Spoofing the Vampire

Essays on Bloodsucking Comedy


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About the Book

Famous for being deathly serious, the vampire genre has a consistent yet often critically overlooked subgenre—the comedic spoof and satire. This is the first book dedicated entirely to documenting and analyzing the vampire comedy on film and television. Various types of comedy are discussed, outlining the important differences between spoofing, serious-spoofing, parody and satire. Seminal films such as Abbott and Costello Meet Frankenstein, Love at First Bite, Vampire in Brooklyn, Dracula: Dead and Loving It and What We Do In the Shadows are featured.
More importantly, this book demonstrates how comedy is central to both the common perception of the vampire and the genre’s ever-evolving character, making it an essential read for those interested in the laughing undead and creatures that guffaw in the night.

About the Author(s)

Simon Bacon is an independent scholar based in Poznan, Poland. He has authored and edited many volumes on vampires, monstrosity, science fiction and media studies.

Bibliographic Details

Edited by Simon Bacon
Format: softcover (6 x 9)
Pages: 256
Bibliographic Info: 10 photos, notes, bibliographies, index
Copyright Date: 2022
pISBN: 978-1-4766-8268-6
eISBN: 978-1-4766-4739-5
Imprint: McFarland

Table of Contents

Acknowledgments v
Simon Bacon 1
Part I: Comedy and the Vampire
What We Do in Twilight Shadows: Comedy in the Vampire Genre as Both a Celebration and a Weapon
Andrew M. Boylan 23
The Comedy of Terrors: A Humor Theory Analysis of Mel Brooks’ Dracula: Dead and Loving It
Matthew McKeague 34
Dracula in New York: The Comic, Anachronistic Vampire in Love at First Bite and Vamps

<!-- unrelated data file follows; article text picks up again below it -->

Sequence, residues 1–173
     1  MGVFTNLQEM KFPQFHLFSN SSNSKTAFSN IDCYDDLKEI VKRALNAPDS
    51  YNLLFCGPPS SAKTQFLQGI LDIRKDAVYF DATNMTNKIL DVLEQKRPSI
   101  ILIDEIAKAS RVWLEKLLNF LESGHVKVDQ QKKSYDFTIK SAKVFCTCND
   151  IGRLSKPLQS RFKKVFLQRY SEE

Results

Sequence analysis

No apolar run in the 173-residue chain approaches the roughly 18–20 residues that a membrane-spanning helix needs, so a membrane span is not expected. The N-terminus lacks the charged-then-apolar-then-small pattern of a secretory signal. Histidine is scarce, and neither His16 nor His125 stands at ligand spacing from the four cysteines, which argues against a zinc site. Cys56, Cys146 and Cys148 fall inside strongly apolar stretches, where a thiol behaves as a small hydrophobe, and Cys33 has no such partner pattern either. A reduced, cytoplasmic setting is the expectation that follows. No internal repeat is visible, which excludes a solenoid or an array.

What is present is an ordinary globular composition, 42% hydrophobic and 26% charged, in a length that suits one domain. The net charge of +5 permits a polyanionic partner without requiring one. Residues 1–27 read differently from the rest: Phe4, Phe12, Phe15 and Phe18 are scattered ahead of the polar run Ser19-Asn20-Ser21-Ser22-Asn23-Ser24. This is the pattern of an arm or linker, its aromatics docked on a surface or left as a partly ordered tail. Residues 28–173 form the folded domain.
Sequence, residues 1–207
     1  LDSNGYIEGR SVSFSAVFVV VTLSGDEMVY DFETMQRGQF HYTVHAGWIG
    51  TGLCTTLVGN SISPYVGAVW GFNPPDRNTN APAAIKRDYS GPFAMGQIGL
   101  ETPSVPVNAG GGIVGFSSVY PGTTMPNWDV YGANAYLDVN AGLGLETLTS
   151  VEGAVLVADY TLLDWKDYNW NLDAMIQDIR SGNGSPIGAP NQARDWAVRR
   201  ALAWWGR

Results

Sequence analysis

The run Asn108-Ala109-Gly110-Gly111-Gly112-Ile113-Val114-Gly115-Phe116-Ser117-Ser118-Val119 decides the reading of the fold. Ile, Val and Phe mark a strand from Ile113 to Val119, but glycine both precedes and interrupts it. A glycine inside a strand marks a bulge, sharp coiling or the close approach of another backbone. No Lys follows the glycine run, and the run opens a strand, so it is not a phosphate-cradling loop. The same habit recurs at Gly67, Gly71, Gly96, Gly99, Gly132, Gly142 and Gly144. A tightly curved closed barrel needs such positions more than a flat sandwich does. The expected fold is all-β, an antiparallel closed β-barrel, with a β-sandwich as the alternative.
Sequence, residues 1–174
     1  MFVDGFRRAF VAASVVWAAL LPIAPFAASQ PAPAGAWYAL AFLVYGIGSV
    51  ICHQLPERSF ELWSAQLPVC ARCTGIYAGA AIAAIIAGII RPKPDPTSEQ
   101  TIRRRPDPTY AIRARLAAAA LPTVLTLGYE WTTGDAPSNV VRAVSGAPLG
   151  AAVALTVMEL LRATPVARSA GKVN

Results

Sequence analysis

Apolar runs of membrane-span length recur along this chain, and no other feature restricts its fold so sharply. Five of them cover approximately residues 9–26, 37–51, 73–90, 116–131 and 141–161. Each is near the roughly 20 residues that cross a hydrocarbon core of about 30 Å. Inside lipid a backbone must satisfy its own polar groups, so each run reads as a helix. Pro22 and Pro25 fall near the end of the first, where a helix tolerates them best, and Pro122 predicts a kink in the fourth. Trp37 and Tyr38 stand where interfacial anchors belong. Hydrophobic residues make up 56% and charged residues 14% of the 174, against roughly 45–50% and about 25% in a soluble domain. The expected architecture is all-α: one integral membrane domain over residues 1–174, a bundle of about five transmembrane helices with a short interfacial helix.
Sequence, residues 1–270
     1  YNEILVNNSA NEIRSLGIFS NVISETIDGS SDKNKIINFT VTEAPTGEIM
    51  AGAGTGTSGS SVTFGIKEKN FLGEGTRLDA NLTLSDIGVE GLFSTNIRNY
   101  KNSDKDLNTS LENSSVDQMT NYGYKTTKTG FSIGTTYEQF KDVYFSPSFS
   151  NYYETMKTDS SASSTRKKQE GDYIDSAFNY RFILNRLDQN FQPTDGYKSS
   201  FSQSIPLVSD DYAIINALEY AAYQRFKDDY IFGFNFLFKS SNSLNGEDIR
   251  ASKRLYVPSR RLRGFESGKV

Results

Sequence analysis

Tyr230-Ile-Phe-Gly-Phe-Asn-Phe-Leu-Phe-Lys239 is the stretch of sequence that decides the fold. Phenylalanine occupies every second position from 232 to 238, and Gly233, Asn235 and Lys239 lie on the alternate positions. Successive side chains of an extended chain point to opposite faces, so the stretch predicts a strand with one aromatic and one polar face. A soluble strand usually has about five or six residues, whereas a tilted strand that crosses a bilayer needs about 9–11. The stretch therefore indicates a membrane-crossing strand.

Murray Leeder 46
Less Blacula and More Buffy: The ­Self-Aware Mythology of Vampire in Brooklyn
Valerie Estelle Frankel 57
Part II: Spoofing Across Media
Care for a Bite? Vampire-Inspired Cookbooks
Victoria Amador 73
Defanging Nosferatu: Case Studies of the Neutering of Bloodsuckers, Vampires and the Undead Across Children’s Media (1950s–1980s)
Robert Mclaughlin 88
Between Sentimentality, Sentience and Sense Making: The Visual Markers of the Vampire in Online Caricatures
Phil Fitzsimmons 103
Part III: Spoofing and Gender
“Meet the Camp Vamp”: Exploring Genre, the Vampire as a Comedic Figure and Abbott and Costello Meet Frankenstein
Blair Speakman and Carmel Cedro 125
Refusing Life in the Shadows: The Anti-Patriarchal Bite of What We Do in the Shadows
Natalie Wilson 137
Mocking Masculinity: Comedy and Subversion in ­Women-Directed Vampire Films
Alexandra Heller-Nicholas and Donna McRae 150
Fuckable Bodies: Male Virginity in Vamp, My Best Friend Is a Vampire and Once Bitten
Fernando Gabriel Pagnoni Berns 162
Part IV: Seriously Spoofing
Vampires Clashing with the 21st Century: Analyzing Postmodern Irony in What We Do in the Shadows
Zita Hüsing 177
Spoofing the Byronic, Changing the Vampire: Locating the Byronic Hero in What We Do in the Shadows (2014– )
Debaditya Mukhopadhyay 190
A Spike for an Angel: How the Comic Bites into the Dramatic
Ildikó Limpár 202
“This is the bloody ­twenty-first century!” The (Post)Modern Vampires of Jim Jarmusch’s Only Lovers Left Alive
M. Keith Booker and Isra Daraiseh 213
About the Contributors 228
Index 231